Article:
Funding doesn’t make software “big” — selling software doesn’t work the same way selling mandazis does, primarily because the question “what will I do with the money to make my software successful?” does not have an educated answer. If it did, I would have exercised that option a long time ago; I am not devoid of options for securing massive funding — when your software starts getting the kind of attention that Chasys Draw IES has been getting in the west of late, your options tend to many and varied.
You see, people don’t buy software because there’s a billboard somewhere advertizing it — people buy/use software because;
- It’s what they’re used to, or
- It’s what everyone is using, or
- It’s what works with what they have, or
- They already have it. It sound silly but that is how it is, ask yourself why you use products from Microsoft and Adobe and you’ll see.
For this reason, software grows organically; you write a great piece of software, you put it out there, people adopt it because it serves them well and every update improves it, they talk about it and others try it, glossy magazines review it and popularity grows, more peple adopt it coz it keeps getting better and better, growth becomes exponential and after several years of hard work, the software has a market-share to boast about and the developer can finally make some money out of it.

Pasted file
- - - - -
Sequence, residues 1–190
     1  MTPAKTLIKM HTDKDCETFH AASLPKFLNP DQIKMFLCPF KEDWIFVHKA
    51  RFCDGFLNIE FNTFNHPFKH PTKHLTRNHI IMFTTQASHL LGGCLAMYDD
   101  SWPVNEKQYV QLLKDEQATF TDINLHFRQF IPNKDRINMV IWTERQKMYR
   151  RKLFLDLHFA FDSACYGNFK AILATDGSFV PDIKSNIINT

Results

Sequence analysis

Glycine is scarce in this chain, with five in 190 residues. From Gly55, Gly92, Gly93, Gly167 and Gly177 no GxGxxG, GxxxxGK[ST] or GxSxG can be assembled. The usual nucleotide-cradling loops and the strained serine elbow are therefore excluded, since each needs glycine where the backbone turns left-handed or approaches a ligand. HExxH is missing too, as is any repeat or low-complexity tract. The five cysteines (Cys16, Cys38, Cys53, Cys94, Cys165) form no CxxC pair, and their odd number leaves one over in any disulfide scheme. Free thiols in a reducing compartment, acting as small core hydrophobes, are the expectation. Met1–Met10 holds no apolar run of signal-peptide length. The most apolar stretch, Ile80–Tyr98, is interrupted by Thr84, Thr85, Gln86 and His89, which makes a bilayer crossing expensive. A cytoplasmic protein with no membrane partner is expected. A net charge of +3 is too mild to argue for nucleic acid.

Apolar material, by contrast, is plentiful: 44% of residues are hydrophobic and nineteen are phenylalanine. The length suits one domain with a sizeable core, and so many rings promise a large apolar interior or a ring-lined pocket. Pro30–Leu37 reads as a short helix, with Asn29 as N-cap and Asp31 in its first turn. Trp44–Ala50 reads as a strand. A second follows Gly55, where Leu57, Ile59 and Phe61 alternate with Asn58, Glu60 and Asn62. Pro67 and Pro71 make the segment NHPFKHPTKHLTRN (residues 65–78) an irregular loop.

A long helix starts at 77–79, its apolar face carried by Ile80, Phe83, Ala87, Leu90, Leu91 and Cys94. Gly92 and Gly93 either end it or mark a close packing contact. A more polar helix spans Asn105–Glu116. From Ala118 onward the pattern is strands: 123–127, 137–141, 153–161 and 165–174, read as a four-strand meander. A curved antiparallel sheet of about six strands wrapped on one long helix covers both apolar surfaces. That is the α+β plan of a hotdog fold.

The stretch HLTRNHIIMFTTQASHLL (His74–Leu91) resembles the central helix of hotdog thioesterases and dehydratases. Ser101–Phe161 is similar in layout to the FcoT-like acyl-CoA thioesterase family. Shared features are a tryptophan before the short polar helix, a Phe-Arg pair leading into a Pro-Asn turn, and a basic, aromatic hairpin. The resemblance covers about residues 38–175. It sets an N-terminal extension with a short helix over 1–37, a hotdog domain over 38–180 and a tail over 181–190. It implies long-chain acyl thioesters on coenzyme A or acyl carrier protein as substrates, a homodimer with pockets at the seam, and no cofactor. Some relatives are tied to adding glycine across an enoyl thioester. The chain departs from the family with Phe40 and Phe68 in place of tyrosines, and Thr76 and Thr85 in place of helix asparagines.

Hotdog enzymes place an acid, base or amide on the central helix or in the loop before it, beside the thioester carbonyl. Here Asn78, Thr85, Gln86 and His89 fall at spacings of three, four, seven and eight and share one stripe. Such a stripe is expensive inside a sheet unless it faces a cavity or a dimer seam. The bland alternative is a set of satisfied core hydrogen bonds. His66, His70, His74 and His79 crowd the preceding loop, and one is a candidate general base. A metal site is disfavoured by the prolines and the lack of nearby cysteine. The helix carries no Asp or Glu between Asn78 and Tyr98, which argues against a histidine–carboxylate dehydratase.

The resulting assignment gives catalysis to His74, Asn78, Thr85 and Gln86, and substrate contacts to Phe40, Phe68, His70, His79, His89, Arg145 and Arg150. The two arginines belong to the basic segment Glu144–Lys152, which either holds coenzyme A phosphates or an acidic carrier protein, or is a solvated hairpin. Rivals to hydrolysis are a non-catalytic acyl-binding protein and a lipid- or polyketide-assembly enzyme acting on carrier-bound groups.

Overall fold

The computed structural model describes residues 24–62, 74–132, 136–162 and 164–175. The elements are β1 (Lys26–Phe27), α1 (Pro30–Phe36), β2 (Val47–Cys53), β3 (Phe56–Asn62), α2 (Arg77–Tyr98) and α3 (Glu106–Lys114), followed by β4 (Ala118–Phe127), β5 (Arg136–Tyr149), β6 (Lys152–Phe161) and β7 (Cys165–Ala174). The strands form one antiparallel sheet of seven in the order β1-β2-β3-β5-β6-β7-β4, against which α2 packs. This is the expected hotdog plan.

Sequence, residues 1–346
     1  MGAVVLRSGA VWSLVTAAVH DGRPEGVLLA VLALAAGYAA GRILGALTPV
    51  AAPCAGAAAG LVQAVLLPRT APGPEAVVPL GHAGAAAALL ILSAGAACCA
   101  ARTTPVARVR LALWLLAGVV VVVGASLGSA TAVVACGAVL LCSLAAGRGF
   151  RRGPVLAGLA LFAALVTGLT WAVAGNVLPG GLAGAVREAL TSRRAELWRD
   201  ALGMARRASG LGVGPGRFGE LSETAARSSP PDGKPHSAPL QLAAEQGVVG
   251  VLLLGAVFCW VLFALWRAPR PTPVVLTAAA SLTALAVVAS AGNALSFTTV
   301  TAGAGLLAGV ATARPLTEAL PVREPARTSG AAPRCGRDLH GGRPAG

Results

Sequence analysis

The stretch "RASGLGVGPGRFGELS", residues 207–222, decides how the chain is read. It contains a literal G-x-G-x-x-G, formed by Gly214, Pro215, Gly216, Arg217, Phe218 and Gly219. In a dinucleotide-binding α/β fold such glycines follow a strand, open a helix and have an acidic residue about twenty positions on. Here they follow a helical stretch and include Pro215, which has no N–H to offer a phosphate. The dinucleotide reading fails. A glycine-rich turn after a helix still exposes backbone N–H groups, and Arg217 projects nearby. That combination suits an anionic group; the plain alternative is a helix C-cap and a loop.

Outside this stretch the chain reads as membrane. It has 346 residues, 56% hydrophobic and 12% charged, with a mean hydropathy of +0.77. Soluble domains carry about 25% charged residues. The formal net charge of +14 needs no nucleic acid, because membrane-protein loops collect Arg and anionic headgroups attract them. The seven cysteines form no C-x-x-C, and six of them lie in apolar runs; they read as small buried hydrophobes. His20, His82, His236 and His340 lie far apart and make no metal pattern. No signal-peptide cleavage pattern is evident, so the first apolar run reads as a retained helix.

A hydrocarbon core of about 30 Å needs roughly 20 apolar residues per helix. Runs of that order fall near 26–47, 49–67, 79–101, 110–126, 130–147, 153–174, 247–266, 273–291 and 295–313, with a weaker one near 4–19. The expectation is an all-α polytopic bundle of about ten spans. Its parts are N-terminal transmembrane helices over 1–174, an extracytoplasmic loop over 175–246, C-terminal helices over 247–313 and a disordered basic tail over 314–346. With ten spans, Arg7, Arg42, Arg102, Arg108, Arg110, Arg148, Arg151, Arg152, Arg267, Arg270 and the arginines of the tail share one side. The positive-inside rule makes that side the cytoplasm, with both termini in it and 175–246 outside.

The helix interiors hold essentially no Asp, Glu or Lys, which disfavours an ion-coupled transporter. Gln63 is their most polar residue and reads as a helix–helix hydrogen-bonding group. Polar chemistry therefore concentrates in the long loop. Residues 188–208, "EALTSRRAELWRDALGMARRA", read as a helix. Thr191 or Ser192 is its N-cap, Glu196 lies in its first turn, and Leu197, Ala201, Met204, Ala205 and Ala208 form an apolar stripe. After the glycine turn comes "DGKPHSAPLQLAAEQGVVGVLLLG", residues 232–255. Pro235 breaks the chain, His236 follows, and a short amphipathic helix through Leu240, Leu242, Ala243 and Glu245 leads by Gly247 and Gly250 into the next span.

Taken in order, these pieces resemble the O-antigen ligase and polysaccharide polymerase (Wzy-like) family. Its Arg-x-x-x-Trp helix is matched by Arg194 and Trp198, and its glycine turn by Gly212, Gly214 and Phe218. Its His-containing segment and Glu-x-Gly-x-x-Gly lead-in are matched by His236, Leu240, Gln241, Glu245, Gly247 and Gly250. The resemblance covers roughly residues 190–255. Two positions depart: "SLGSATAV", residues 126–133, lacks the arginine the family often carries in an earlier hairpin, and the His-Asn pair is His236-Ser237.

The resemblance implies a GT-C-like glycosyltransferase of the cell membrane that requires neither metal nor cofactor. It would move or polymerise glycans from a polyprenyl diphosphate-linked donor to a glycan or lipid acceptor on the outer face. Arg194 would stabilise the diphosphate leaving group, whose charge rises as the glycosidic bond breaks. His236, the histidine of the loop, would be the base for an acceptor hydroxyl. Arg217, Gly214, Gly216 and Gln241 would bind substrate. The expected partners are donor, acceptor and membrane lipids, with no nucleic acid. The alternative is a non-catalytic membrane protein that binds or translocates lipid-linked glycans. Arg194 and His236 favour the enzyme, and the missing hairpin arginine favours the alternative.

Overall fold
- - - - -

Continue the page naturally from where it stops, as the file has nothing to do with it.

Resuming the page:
That is how the Windows, Facebooks, Googles and Photoshops of this world came to be. They started out in someone’s bedroom or dorm-room, grew a massive user community, then went commercial. The people who have tried the mandazi strategy, especially so for software that targets an international user-base, have discovered the hard way that software is not mandazi, that you cannot buy more software-flour, software-oil and software-sufurias and “expand”.
I do, however, accept donations (maintaining that high-bandwidth download website is not cheap), so if you’re feeling sufficiently philanthropic…
-Text Courtesy of John Paul Chacha, Founder of Chasys Draw IES
An interesting analysis on why startups succeed – out of 5 factors funding ranks the least.